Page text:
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MOAR Laughs Comedy Fundraiser is Sunday.   
Michael's Story

My name is Michael C. O'Malley and I am a man in recovery for over two years. My life has had a very progressive growth since I made a decision to face fear. I am someone who had 3.5 years in recovery, went back out, and then came back to face my fears.

Today I follow a program of recovery that allows me to reach heights beyond any imagined dream. I have a very healthy relationship with my family, my peers, and friends.

I am  proud to stand up for those without a voice. I am driven by a deep faith, and the acts of humanity experienced with my brothers and sisters in the recovery community. I am eternally grateful for the tireless work of advocates in the recovery community. I have been blessed to have been an employee at MOAR, and to now transition into a new position within the addiction treatment field. Those we have lost have a special place in my heart, and I will continue to advocate for causes that reduce overdose death in the Commonwealth.
Policy Update -   Educating Our Policymakers
Every spring , the committees our state legislature hold public hearings to get educated  from the community on   policy changes for the coming year. Part of MOAR's mission is to help bring the voice of people in recovery to educate policymakers on how to improve addiction prevention, treatment and recovery services in our state.  We educate policymakers about the
need for improved treatment access/stay, recovery centers, criminal justice re-entry support, narcan, recovery coaching, and overdose prevention. They listen.
 
 
Interested in going to a State House Legislative Hearing?  You can experience the Joint Committee on Mental Health, Substance Use, and Recovery on June 5th at 1:00PM in the statehouse Room B-1.  

The Joint Committee on the Judiciary will have a hearing in Mid June on
 
Interested on how to get  MOAR  involved please contact jared@moar-recovery.org
  
MOAR in the News

At MOAR we are grateful to get a chance to bring our recovery messages to the media. Here are a few recent examples.
Healtcare experts to address opioid epiemic at Regis College lecture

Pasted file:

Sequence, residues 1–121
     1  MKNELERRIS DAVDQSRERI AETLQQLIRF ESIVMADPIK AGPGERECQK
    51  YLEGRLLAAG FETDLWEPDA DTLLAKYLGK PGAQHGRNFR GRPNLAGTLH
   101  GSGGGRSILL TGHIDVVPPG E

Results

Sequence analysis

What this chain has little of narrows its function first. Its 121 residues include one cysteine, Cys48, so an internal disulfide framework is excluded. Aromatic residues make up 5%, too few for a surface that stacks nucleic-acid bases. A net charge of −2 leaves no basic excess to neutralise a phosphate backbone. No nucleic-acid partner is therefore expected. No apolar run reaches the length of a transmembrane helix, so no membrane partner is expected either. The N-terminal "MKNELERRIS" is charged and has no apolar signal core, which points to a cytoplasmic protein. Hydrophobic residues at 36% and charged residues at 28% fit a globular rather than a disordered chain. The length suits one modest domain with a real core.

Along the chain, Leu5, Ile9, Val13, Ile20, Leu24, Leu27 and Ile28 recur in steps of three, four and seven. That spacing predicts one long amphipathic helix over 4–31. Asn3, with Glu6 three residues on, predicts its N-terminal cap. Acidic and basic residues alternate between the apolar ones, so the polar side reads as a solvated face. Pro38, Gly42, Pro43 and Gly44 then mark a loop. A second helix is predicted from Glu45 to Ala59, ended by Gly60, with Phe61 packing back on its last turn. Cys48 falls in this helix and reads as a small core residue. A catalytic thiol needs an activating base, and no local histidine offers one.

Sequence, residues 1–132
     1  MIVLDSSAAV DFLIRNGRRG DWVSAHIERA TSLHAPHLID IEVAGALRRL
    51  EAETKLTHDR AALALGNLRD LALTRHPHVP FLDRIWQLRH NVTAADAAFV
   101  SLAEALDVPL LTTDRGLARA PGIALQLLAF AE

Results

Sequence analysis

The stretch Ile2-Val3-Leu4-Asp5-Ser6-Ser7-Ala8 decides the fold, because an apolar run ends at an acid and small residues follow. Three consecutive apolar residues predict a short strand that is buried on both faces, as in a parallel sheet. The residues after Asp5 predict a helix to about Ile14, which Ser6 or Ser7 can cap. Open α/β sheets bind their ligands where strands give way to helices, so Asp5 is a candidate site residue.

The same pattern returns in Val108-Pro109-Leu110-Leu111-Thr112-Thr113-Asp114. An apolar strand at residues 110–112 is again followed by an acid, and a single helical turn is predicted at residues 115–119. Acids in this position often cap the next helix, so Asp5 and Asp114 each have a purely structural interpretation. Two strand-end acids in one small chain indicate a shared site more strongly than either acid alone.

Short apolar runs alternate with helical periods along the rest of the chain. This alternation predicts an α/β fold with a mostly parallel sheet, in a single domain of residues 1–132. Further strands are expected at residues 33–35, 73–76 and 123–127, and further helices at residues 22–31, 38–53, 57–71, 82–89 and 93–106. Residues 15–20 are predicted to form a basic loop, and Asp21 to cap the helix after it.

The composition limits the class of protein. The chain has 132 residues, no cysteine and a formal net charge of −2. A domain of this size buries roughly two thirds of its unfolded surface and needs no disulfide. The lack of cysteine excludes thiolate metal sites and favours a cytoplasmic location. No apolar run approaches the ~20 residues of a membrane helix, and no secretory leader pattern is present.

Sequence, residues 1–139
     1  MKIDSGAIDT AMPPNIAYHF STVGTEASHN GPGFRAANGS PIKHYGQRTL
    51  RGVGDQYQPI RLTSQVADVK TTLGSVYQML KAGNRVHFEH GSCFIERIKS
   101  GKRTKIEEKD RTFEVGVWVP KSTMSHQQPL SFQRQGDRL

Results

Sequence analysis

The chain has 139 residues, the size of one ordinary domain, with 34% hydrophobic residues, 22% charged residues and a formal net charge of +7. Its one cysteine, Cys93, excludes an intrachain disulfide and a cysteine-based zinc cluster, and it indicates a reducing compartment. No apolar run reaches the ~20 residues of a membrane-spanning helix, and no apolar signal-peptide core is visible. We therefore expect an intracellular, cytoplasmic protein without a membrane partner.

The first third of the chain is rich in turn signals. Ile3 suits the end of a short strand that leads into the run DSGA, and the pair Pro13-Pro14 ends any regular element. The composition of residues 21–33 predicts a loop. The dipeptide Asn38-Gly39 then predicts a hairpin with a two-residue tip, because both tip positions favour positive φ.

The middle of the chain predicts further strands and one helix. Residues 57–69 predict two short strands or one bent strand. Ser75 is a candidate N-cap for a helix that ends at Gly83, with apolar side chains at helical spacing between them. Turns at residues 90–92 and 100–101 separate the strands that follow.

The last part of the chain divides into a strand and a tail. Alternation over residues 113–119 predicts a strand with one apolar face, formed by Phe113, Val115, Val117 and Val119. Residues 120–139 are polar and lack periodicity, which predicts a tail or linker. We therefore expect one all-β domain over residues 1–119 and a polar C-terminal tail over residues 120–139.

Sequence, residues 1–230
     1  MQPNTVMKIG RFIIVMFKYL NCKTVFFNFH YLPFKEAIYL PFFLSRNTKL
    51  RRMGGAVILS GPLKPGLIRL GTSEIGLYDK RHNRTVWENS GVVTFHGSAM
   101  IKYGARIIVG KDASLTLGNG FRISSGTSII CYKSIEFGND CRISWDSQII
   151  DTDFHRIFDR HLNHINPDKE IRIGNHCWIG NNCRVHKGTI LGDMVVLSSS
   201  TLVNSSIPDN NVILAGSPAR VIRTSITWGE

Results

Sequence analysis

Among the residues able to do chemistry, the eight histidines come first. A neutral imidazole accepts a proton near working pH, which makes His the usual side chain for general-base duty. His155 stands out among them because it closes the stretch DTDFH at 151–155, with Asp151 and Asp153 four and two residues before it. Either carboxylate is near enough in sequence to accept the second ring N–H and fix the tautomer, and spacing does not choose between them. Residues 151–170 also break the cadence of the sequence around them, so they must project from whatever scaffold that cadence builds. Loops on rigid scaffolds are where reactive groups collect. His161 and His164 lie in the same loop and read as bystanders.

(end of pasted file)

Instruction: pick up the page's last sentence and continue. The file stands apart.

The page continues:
--The Boston Pilot

with Maryanne Fangules and Jared Owen

WESTON -- Regis, a Catholic university in Weston, hosted a forum on the deadly opioid epidemic April 26 as part of its Regis President's Lecture Series on Health. The discussion drew leading experts from around Massachusetts and nearly 300 people attended including nurses, social workers, mental health professionals, students and members of the public.

Regis Counseling Psychology Program Director Shelby Ortega, PhD, moderated the panel of doctors, a licensed counselor and a man in recovery. Jared Owen, communications coordinator at Massachusetts Organization for Addiction Recovery ( MOAR), shared his personal story of addiction and rehabilitation....

Click here to read the story.

Fox 25 Investigates: Deadly consequences for some who seek addiction rehab
With MOAR Regional Coordinator Elizabeth Mooney

DELRAY BEACH, Fl.- An influx of out-of-state patients seeking help with opioid addiction in Florida has prompted that state's governor to declare a public health emergency. Now 25 Investigates has uncovered at least a dozen people from Massachusetts and New Hampshire have died from drug overdoses in just one Florida county in the last year and a half.  
In many cases, investigators say the recruiting of patients to some recovery centers was illegal.

How drug use changes the brain - and makes relapse all too common - STAT news
with Elizabeth Mooney
 
A dance with the devil. That's how 33-year-old Elizabeth Mooney describes her struggle with drug addiction, recalling the "little voice" that repeatedly overpowered her mind after she had been in recovery, once for as long as three years. She knows the consequences of using again, yet she's relapsed five times.
The desire became "stronger and stronger and stronger," she said.
The opioid epidemic ravaging the United States has brought new impetus to understanding how addiction hijacks the brain. More and more, scientists are shifting their focus to what's going on in the brain after people like Mooney go off drugs.....
 
2,000+ People Died From Opioid Overdoses in Massachusetts Last Year-- NECN
With MOAR Communications Coordinator Jared Owen

Massachusetts officials report more than 2,000 people died from opioid-related overdoses last year, as the focus of the epidemic continues to shift toward the synthetic drug fentanyl.
Quarterly data from the Department of Public Health also shows as many as 479 opioid-related deaths in the first three months of 2017.
Boston had the most opioid-related deaths of any city or town in 2016 with 196, followed by Lowell with 63, Fall River with 62, Worcester with 56, New Bedford with 55, Lynn with 47, Quincy and Brockton with 42 apiece, Springfield with 41 and Weymouth with 38....



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